for the last three of my four and a half summers here. Last 
week they announced they're going to enforce their policy 
that if I don't have an account with them, I'll have to pay 
a $2 fee each time for exchanging coin. I can't afford an
account there; the fine each month for not having more than
300 in savings would about kill me. I was a little miffed at 
first; but quickly chose to look at the positive aspects and 
only the positive aspects. I think I was mostly being protective 
of the fact that two dollars playing my guitar at the park can 
represent between 2 and 20 very happy children who wanted me to 
have the money and use it for my own enjoyment, not for userfees 
at an institution of finance. I'll bet were I an ice-cream vender 
or a festival retailer year round I probably would just agree to 
pay the fee every week without even blinking.
  Instead I'm very thankful that my smaller, humbler credit
union finally was able to afford one of those electric coin 
counters. The paper tubes do become quite a chore after a while.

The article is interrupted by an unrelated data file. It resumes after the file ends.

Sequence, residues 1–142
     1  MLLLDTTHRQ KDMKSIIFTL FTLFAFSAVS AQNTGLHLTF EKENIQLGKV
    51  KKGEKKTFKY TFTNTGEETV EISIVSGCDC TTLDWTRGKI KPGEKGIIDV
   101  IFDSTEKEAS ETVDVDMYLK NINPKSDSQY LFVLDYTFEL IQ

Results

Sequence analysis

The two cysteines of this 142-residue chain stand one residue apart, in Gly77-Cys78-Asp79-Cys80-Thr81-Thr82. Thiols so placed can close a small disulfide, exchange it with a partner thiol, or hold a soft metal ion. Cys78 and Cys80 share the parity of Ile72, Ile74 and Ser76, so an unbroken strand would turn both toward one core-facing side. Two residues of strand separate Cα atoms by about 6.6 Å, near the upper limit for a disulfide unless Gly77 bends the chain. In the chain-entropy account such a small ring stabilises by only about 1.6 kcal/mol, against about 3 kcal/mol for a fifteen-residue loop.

And I'd rather wear out my thumbs and fingers playing too much
guitar than saving $2 by folding paper around coins a couple 
hours a week.
  We've made almost every part of life a commodity haven't we?
Hmm. I wonder how well this short newsletter article I'm writing 
here might do on the NASDAQ? Hmm. Probably poorly. I'm composing 
it in Notepad.exe on a very old 486 computer running windows 95. 
I'll bet if I made it using Office with a spellchecker and the
grammar and syntax checking applications; and got a spiffy
new .XP machine or IMac to print it out on I could justify 
calling it something in all capital letters and announce it 
start valued at say twenty or thirty dollars.
  OK, a couple final observations for the year. I must shape
my face very funny when I sing, because three years in a 
row I've sunburnt the inside of my bottom lip by early August. 
People who fish through their pants pocket farthest from me 
are going to tip me really well. People who do it demonstratively 
and noisily in the pocket closest to me as they walk by almost
NEVER five me even a single penny.
  Fox news and WBay were very interested in me as a back
drop and soundtrack to many different stories they did
during the summer. The other channels were not.
  Mark Green, Guy Zima and Mayor Jadin smile at me when
they walk by and some of them even tip me well. Some other